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Curr Opin Neurobiol. 2014 Apr;25:7-14. doi: 10.1016/j.conb.2013.10.007. Epub 2013 Nov 23.

Large-scale brain dynamics in disorders of consciousness.

Author information

1
Brain and Mind Research Institute, Weill Cornell Medical College, 1300 York Avenue, New York, NY 10065, United States; Department of Neurology, Weill Cornell Medical College, 1300 York Avenue, New York, NY 10065, United States.
2
Brain and Mind Research Institute, Weill Cornell Medical College, 1300 York Avenue, New York, NY 10065, United States.
3
Brain and Mind Research Institute, Weill Cornell Medical College, 1300 York Avenue, New York, NY 10065, United States; Department of Neurology, Weill Cornell Medical College, 1300 York Avenue, New York, NY 10065, United States. Electronic address: jdvicto@med.cornell.edu.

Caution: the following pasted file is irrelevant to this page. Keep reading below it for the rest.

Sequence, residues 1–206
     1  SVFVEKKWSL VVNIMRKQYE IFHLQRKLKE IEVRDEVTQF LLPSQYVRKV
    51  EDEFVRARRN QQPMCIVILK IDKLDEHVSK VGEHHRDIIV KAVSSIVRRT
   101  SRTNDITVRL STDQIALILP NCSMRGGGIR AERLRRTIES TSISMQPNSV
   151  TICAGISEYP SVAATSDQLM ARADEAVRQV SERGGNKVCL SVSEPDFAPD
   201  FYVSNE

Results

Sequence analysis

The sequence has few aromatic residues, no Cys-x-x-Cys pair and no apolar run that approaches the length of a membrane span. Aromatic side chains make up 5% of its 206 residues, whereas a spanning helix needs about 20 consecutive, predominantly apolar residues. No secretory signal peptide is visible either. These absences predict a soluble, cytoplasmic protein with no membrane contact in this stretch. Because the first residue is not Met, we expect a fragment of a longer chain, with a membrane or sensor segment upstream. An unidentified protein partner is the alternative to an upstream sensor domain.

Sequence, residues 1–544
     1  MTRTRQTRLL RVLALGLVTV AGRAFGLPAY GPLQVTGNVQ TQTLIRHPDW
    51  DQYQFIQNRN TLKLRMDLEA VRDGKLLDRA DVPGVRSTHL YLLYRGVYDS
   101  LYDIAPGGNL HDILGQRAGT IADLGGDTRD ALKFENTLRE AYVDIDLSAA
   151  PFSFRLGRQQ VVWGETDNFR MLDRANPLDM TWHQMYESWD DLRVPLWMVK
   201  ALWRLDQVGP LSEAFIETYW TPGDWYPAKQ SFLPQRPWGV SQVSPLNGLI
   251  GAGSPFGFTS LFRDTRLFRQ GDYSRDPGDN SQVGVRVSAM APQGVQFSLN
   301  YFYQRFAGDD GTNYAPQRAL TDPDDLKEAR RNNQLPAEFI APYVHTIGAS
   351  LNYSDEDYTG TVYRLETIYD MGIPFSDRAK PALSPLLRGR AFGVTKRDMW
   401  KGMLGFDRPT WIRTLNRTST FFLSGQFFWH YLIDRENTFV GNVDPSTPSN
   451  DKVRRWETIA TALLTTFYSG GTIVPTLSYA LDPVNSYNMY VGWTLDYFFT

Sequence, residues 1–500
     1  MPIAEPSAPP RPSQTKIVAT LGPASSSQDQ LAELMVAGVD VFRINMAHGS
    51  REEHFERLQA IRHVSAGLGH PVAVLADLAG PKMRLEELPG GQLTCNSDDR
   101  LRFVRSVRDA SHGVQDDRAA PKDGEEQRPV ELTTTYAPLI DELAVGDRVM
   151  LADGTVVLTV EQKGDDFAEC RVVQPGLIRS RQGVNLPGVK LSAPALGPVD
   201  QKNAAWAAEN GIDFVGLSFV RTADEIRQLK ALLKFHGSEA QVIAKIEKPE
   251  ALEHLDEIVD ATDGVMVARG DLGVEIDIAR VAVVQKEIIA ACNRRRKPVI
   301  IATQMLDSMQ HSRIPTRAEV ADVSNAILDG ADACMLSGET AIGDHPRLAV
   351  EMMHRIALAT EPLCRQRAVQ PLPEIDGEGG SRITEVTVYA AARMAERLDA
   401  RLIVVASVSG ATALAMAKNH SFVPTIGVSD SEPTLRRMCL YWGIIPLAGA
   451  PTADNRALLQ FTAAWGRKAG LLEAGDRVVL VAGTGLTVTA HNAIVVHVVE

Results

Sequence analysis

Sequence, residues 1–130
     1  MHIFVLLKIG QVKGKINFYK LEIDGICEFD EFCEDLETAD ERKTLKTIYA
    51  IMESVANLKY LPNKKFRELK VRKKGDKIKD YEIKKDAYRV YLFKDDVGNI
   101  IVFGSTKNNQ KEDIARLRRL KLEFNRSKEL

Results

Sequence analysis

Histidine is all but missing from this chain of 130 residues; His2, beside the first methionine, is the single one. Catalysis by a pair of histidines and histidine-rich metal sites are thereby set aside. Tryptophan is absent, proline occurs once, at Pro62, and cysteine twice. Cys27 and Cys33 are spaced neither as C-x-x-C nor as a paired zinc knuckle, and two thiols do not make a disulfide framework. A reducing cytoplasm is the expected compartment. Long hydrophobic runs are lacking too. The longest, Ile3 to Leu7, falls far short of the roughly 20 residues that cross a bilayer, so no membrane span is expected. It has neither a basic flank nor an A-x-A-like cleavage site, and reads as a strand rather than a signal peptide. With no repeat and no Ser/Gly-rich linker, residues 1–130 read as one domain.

Abstract

Brain injury profoundly affects global brain dynamics, and these changes are manifest in the electroencephalogram (EEG). Despite the heterogeneity of injury mechanisms and the modularity of brain function, there is a commonality of dynamical features that characterize the EEG along the gamut from coma to recovery. After severest injury, EEG activity is concentrated below 1 Hz. In minimally conscious state during wakefulness, there is a peak of activity in the 3-7 Hz range, often coherent across the brain, and often also activity in the beta (15-30 Hz) range. These spectral changes likely result from varying degrees of functional deafferentation at thalamic and cortical levels. EEG-based indices of brain dynamics that go beyond these simple spectral measures may provide further diagnostic information and physiologic insights.

PMID:
24709594
PMCID:
PMC3980494
DOI:
10.1016/j.conb.2013.10.007
[Indexed for MEDLINE]
Free PMC Article

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